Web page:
And what else is going on? 

Well, I was up late Monday night finishing the Kindle and paperback MSS of Death By Library. The proof is on it's way to me, so I should be able to get the paperback out at the same time as the ebooks go live, i.e. Dec. 6. The ebook is available for pre-order on Amazon, Smashwords, Kobo, Apple Books, and Barnes & Noble, and probably some other places I don't know about. Unfortunately, the paperback can't be pre-ordered--except on this blog! Which means that updating that page is another task that needs doing ASAP.

Got the edits back on the special novella, The Christmas Question (Pismawallops PTA #4.5), and I'm working on final tweaks and polish. There's still time to sign up for my newsletter and get a free ebook of it in my December newsletter! Sign up before Dec. 15 to be sure you're there before I hit "send." Right now, it's the only way to get a copy.

Looking at all that, which leaves out the personal stuff (like finally getting to start PT for my plantar fasciitis!), I think I know why I'm busy and tired!

Drop me a note in the comments and tell me how it's going for you!

Monday, November 11, 2019

Cozy Review: Tell Me No Lies

Title: Tell Me No Lies
Author: Shelley Noble
Publication Info: November 5, 2019, Forge Books. 368 pages.
Source: ARC provided through Great Escapes blog tours

Publisher's Blurb:
Rise and shine, Countess, you're about to have a visitor.

Lady Dunbridge was not about to let a little thing like the death of her husband ruin her social life. She's come to New York City, ready to take the dazzling world of Gilded Age Manhattan by storm. The social events of the summer have been amusing but Lady Phil is searching for more excitement---and she finds it, when an early morning visitor arrives, begging for her help. After all, Lady Phil has been known to be useful in a crisis. Especially when the crisis involves the untimely death of a handsome young business tycoon.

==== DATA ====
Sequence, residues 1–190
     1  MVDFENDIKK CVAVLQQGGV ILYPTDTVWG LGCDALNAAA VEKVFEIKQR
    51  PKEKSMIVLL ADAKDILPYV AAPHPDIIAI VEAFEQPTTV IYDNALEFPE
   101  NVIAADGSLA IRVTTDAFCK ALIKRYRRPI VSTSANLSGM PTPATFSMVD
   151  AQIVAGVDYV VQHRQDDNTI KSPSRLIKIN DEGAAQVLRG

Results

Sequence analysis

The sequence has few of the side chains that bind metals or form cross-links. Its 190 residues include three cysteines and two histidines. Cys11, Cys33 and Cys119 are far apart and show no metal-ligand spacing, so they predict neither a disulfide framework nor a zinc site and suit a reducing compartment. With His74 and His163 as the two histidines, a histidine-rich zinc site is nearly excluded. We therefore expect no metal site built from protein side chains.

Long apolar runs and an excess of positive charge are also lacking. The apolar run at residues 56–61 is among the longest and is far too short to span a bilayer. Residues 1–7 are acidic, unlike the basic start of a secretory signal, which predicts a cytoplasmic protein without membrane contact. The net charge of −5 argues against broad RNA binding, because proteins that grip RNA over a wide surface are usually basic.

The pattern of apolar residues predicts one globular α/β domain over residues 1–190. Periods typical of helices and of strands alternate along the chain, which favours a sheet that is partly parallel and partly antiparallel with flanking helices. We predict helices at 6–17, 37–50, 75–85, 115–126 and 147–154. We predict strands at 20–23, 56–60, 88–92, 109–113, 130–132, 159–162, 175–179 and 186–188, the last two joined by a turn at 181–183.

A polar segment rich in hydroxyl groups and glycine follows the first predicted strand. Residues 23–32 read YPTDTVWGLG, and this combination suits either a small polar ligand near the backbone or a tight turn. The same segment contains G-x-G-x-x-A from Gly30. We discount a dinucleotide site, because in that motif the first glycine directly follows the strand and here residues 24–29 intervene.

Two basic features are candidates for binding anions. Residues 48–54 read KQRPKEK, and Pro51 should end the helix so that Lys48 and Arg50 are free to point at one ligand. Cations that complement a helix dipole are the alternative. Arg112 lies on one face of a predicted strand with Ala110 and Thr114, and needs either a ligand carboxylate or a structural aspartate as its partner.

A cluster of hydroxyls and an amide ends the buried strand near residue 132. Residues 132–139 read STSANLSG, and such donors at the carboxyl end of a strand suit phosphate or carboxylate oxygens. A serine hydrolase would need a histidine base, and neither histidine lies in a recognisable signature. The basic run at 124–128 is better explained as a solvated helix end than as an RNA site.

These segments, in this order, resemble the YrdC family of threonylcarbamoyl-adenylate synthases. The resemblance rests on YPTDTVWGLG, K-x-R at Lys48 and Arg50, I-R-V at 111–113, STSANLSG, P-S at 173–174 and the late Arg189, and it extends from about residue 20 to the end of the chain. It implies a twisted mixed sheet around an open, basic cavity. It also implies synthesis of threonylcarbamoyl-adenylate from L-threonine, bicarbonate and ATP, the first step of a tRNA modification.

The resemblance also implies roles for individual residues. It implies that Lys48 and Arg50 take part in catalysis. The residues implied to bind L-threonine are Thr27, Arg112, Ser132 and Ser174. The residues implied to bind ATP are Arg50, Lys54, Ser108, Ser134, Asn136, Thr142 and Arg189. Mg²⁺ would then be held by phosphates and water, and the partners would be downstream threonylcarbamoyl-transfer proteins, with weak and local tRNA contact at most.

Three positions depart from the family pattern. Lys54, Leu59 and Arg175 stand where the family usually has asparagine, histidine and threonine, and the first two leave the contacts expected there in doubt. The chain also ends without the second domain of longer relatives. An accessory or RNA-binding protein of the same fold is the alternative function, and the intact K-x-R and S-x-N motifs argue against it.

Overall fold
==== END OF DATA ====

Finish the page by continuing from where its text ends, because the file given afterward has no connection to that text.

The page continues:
His death could send another financial panic through Wall Street and beyond.

With the elegant Plaza Hotel, Metropolitan Museum of Art and the opulent mansions of Long Island's Gold Coast as the backdrop, romance, murder, and scandals abound. Someone simply must do something. And Lady Dunbridge is happy to oblige.

My Review:  
An intriguing mystery with an marvelous historical setting, Tell Me No Lies combines an American setting with the characters and features of an English country-house mystery. But the Dowager Duchess of Dunbridge is no Miss Marple--she's pretty adventurous, both in her personal life and in pursuit of a perp. I liked the characters from the start--not only Phil, but her servants, Lily and Preswick. The latter is all British butler perfection, but the former is a mystery herself, and one that I hope the author sees fit to unravel eventually, along with that of Phil's mysterious "boss."